The Road to Resilience

Learning to pave your own level of resilience is key to navigating life’s twists and turns.

One could say we are at the height of innovation, kick-ass workplace cultures, and in many cases kick-ass bosses and supportive coworkers. We are experiencing the rise of the agile organization. It’s the era of work-life balance, open-door policies, flexi-work weeks, technological innovation, fair compensation, employee engagement, cross-departmental collaboration and so much more.

But while life may be looking good for some employees, the reality is far more bleak for others. Those employees who don’t have all the benefits of a progressive work situation can learn to cope, but they need resilience to navigate the ups and downs of an unhealthy workplace.

Take the story of Safiyyah Cotton. The dismal employment situation of this single mother and McDonald’s employee was featured on CNN Money. Cotton shared that she has been working at the fast food chain for almost a year earning $7.50 an hour, which amounts to $240 every two weeks. She borrows to pay her rent and survives mainly on food stamps and other government benefits. Cotton said her manager shows no concern for fair compensation, fair treatment or employees working scheduled hours. “I came in to work one morning — I had to be there at seven am — and once the general manager came in, around 7:30 or 8 am, she said, ‘Okay Safiyyah you can go ahead and clock out’.” Cotton said when she told her manager that she had just gotten to work, her manager said labour was high and she was not needed.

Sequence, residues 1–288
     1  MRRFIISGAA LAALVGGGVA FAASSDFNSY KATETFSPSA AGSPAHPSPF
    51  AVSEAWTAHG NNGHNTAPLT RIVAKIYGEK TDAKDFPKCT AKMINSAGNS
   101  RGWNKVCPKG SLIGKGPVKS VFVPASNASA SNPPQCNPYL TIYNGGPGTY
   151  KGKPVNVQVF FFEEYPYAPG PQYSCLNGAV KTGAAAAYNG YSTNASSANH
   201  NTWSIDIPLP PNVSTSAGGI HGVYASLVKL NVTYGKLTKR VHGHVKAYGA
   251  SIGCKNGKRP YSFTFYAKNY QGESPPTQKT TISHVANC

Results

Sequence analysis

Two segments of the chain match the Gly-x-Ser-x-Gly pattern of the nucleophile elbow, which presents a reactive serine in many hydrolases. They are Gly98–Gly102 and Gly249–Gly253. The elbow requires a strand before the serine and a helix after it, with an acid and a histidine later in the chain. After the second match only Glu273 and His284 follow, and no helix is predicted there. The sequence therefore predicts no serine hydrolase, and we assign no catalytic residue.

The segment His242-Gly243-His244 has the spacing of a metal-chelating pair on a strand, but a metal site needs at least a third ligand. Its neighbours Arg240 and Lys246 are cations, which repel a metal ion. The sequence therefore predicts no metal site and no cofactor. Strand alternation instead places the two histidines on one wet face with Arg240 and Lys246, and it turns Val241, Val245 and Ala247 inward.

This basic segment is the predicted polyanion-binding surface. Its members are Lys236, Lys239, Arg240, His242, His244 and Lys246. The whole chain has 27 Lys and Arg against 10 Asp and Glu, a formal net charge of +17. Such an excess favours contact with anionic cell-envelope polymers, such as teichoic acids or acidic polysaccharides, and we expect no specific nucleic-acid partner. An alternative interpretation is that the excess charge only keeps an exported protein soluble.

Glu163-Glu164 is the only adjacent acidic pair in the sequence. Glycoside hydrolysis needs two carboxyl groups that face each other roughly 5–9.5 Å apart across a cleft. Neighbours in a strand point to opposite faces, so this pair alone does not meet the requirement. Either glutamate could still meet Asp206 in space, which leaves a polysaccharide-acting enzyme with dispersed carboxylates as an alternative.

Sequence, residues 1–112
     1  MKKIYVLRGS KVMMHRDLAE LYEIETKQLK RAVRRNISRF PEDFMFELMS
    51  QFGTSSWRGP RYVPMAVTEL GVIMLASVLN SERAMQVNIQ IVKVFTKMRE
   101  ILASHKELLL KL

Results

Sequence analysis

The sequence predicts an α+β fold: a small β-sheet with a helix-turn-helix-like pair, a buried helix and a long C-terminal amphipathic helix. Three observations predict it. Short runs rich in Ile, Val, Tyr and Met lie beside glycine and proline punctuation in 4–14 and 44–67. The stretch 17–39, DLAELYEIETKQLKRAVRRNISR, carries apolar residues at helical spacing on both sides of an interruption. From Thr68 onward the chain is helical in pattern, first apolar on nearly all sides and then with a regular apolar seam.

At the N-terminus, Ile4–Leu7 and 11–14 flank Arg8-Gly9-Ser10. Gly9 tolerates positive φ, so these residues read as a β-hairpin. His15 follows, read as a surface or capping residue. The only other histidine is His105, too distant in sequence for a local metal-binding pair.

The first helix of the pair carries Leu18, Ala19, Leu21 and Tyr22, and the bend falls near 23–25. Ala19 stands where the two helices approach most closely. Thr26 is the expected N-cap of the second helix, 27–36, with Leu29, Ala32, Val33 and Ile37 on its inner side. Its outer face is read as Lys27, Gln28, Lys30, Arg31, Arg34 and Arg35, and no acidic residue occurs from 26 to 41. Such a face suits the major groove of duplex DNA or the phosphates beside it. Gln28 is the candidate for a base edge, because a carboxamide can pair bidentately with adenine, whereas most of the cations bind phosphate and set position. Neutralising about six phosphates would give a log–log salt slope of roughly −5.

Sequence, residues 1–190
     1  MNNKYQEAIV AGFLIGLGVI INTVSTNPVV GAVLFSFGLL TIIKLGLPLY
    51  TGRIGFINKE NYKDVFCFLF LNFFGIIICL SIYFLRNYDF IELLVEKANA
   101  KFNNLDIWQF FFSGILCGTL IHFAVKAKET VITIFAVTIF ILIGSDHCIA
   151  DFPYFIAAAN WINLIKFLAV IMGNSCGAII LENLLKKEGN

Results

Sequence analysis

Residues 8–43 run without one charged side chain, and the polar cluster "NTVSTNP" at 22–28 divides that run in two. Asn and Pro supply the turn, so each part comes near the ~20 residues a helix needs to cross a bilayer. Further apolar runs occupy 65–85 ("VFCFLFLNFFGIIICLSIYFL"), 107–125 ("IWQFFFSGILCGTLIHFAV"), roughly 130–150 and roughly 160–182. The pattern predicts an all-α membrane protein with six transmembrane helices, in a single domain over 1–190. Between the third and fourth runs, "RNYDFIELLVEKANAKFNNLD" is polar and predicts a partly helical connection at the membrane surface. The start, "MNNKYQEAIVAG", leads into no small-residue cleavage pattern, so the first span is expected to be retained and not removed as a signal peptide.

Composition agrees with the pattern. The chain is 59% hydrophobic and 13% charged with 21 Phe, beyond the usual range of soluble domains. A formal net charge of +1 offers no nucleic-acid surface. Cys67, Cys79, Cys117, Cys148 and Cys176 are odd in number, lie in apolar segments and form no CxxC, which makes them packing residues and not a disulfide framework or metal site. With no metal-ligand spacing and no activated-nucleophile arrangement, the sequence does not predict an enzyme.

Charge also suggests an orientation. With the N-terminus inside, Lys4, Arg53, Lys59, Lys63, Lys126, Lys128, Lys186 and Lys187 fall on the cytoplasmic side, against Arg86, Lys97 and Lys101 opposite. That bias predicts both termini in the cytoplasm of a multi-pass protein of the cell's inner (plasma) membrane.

Cotton is not alone. Many documentaries, studies and news stories have brought similar narratives to us over the years. One can’t help but think that the more things change, the more they stay the same. You show up for work day after day, but feel as though you are in the Dark Ages, maybe even in an alternate universe. Your salary can hardly cover your daily expenses, you feel unsafe at work and lack the proper resources to get the job done effectively and your managers are unapproachable.

Many people buckle in the face of such odds, while others like Cotton keep pushing, hoping that things will change and that her employer will see her value and treat and compensate her accordingly. Only resilience makes it possible for Cotton to persist and bounce back in the daily struggle to eat and pay the rent. 

How does resilience come about?

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Written By

Akay Hendricks is a Toronto-based freelance writer with an undergrad in mass communications and a post graduate degree in corporate communications and public relations.


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